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Learning Global Warming facts and fiction (1 Viewer)

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Still the question is unanswered, what cleaner, cost effective and efficient fuel source is their for the millions of trucks and cars all over the world? What reliable fuel source is their for power plants that isn't highly disputed like nuclear energy is? Sure there is plenty of research going on in various market sectors for alternative energy methods but until something viable to meet these needs is released then fossil fuels will continue as the primary source of power. Businesses are free to research and explore alternative methods of power there is nothing holding them back from doing so regardless of whether AGW is real, natural or something in between.

I think the media has made it abundantly clear that AGW is real (in their view) and have gone out of their way to promote this. Every single time there is a natural disaster or brutal heat wave you hear the media claiming it's all due to global warming and climate change. People have heard plenty on it so lack of information is not the problem. If anything I would add that people aren't hearing the skeptical side of the debate and only the AGW side. When was the last time you heard a news article discussed on a main news website/tv station that endorsed or presented the skeptical side of things? Do a google search on global warming and you'll quickly find all the top hits are in favor of AGW. That's far from a balanced scientific view into the climate change discussion since there are some incredibly smart people on BOTH sides of this debate but only one side is promoted...

In regards to the second bold statement, I'm not going to debateit in relation to the President since that would be getting into a political debate and that's not what this thread is for nor do I wish to go there so let's leave it at that. However at least make sure that you get the quotes correct, in a recent interview this is what was said by the President "I think something’s happening. Something’s changing and it’ll change back again,” he said. “I don’t think it’s a hoax. I think there’s probably a difference. But I don’t know that it’s manmade. I will say this: I don’t want to give trillions and trillions of dollars. I don’t want to lose millions and millions of jobs.” https://www.theguardian.com/us-news...e-change-not-a-hoax-but-denies-lasting-impact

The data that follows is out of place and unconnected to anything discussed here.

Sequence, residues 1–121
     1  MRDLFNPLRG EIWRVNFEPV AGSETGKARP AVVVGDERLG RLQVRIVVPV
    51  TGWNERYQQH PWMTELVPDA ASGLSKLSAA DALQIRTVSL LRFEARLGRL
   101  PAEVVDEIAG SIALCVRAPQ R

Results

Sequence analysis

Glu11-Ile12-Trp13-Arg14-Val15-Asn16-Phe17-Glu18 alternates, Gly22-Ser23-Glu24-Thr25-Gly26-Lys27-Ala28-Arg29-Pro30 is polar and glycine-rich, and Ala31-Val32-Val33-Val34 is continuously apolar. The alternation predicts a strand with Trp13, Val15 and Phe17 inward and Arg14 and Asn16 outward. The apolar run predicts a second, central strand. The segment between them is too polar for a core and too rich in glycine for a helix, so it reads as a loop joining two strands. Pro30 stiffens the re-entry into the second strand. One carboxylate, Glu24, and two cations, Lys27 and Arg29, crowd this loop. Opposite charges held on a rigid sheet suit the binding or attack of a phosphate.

Well as far as as skeptics about AGW it all depends on your news source. Of course both right and left leaning sources are going to put out information that supports their point of view. Of course the media will put out whatever info gets them the most “hits” so it’s not going to ever be balanced either way. I never argued any single weather event supported or denied AGWs existence, lots of media puts out skeptical articles when we do we have abnormal cold shots as well. Just saw the article on Trump’s statement, brand new of course, but a change from what I quoted earlier. Of course no one on either side is advocating trillions of dollars or millions of jobs, but I guess I’m glad he’s at least discussing it. Nice discussing this with you, and will in the future, although it seemed you addressed a lot of my points other than my main premise regarding risk/ benefit analysis with the science at hand. Can’t say I have a lot of time to continue this debate with you, but I hope Americans can have more civil discourse in general like this.
 
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I personally know three eminently credentialed and qualified Atmospheric Scientists (my brother is one, he has a Phd in Atmospheric Sciences from MIT) who have been ostracized by Faculty and Administration in academia in a very career threatening way, unless they drop their debate about the legitimacy and degree of AGW. One has already been "urged' to retire and not allowed to spend class time on AGW skeptics or science which supports them. This is not the way science should be, and I truly hope we can get back to the "civil and open debate" about the actual observed facts as they relate to AGW. We see what happens when a process becomes completely politicized like the recent Kavanaugh hearings where truth and facts are trumped (excuse the pun) by a torrent of emotion instead of verified truth. Thanks to everyone here for trying to return to actual debate rather than character assassination and innuendo.